Power Metal: is it really about dragons?

Posted on 07 October 2018 in data-science

Some years ago, Matt Daniels [1] wrote a great article on who has the largest vocabulary in hip-hop. I thought it was brilliant: comparing Shakespeare to famous hip-hop artists. It got me thinking and gave me the inspiration of doing something similar with a genre I love: Power Metal. People know metal or heavy metal but not necessarily power metal. For me, power metal has speed (remember that last song on Guitar Hero), clean vocals (you can understand the words, looking at you grind metal) and lyrics about dragons. Here I will just confirm or infirm my assumption about dragons.

I used the lyrics of 58 bands, which should fall under the label of Power Metal, at least according to /r/powermetal [2] and myself. This article will dive into the vocabulary of the power metal bands, what makes a song power metal or not and who wrote the most positive and negative power metal songs ever (at least from my dataset).


  • Running Wild (2949 unique words) has the biggest vocabulary, followed by Helloween (2641) and Elvenking (2505),
  • Bands from Spain, Germany and Finland have an average of more than 1600 words vocabulary; in comparison native countries like UK, US and Scotland have an average of 925, 1383 and 1501 words respectively,
  • The most metal words are deliverance, defender, honour, forevermore, realm and the least are shit, baby, fuck, girl, verse,
  • The most negative song is Condemned To Hell by Gamma Ray and the most positive There's Something In The Skies by Dark Moor,
  • Source code: to be released soon,
  • Dataset: not available but you can find lyrics all over the internet ;)

The dataset

The dataset includes 58 bands: Alestorm, Angra, At Vance, Avantasia, Blind Guardian, Borealis, Cain’s Offering, Concerto Moon, Dark Moor, Demons & Wizards, Dragonforce, Dragonland, Dream Evil, Edguy, Elegy, Elvenking, Fairyland, Falconer, Firewind, Freedom Call, Gamma Ray, Gloryhammer, Grave Digger, Hammerfall, Heavenly, Helloween, Hibria, Highland Glory, Iron Savior, Judicator, Kamelot, Keldian, Labyrinth, Lost Horizon, Manowar, Masterplan, Nightwish, Nocturnal Rites, Orden Ogan, Pagan’s Mind, Pathfinder, Persuader, Power Quest, Powerwolf, Primal Fear, Rhapsody, Rhapsody Of Fire, Running Wild, Sabaton, Secret Sphere, Seventh Wonder, Sonata Arctica, Stratovarius, Theocracy, Twilight Force, Twilightning, Unisonic, Wisdom; and a total of 4808 songs in English.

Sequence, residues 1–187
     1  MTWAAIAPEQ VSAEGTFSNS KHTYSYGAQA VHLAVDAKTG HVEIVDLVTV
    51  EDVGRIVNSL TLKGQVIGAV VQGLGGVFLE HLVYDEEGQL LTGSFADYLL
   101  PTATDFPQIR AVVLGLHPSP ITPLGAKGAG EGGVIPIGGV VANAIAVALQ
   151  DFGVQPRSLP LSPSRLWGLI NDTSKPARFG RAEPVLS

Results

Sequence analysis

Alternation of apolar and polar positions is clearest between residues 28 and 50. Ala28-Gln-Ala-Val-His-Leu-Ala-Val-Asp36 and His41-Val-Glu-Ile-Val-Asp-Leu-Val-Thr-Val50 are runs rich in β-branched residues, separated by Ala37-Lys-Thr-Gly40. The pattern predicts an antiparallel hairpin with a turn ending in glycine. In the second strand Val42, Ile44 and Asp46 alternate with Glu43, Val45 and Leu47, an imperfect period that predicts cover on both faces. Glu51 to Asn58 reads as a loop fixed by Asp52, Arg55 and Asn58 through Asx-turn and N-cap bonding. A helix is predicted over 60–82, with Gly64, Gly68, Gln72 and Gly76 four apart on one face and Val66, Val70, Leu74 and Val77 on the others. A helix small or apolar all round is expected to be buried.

Distribution of bands by country

Country Number of bands
Brazil 2
Canada 1
Finland 5
France 1
Germany 16
Greece 1
Hungary 1
Italy 5
Japan 1
Netherlands 1
Norway 3
Poland 1
Scotland 1
Spain 1
Sweden 10
UK 3
US 5

Bands from Germany and Sweden are over-represented compared to other countries. This is due to the dataset creation, which was mostly based on the albums recommendation of /r/powermetal. Therefore I won’t go deeper in regions difference.

Text analysis of the lyrics


Calculating the vocabulary length could be done in several ways: counting the unique words (with inflections, meaning singular, plural nouns, conjugated verbs, etc.), counting the lemma form of the words (more or less the dictionary form) and finally the stemmed version which is when you get the stem of a word (we reduce a word to the its minimal non-changing parts). There is no right way to do the counting. All the methods have their pros and cons:

  • stemming should be fast but the cutting might reduce to a stem common to two different words (ex: markets/marketing would give the stem market);
  • lemmatization requires knowing the part of speech (POS) which might slow your processing but would be more accurate.

Since I preferred fast results over a possible better accuracy, I chose the stemmed version (Porter) of the words for the vocabulary processing. Based on this stemming transformation, I could plot the following chart describing the growth of vocabulary range along the years (from 1982 to 2018).

Play with the slider it's interactive!

Largest vocabulary in PowerMetal in unique words* (in 2018)

  1. Running Wild (2949)
  2. Helloween (2641)
  3. Elvenking (2502)
  4. Sonata Arctica (2467)
  5. Edguy (2385)

* at least in my dataset

What makes a power metal song power metal?

We need to look at the importance of the words used in the song. Common metrics are tf (term frequency of a word), idf (inverse document frequency, how rare a word is in a document), tf-idf (term frequency-inverse document frequency, measuring how important a word is in a corpus)[3].

Iain Barr chose the tf approach and measured the Metalness of a word / lyrics as follow:

$$ M_w = \log \frac{freq^{metal-corpus}_w}{freq^{corpus}_w} $$

where $M_w$ is the Metalness of a word, $freq^{metal-corpus}_w$ the frequency of the word $w$ in the metal corpus, $freq^{corpus}_w$ the frequency of the word $w$ in another corpus.

He looked at the distribution of a specific word in two corpus - his metal lyrics dataset and the Brown corpus, an ensemble of literary texts from the 60s [4].

Nonetheless using a literary corpus might not be ideal since the type of text and choice of words between a novel and a lyric are quite different. I chose to use a dataset already prepared called Metrolyrics dataset, available on Kaggle [5].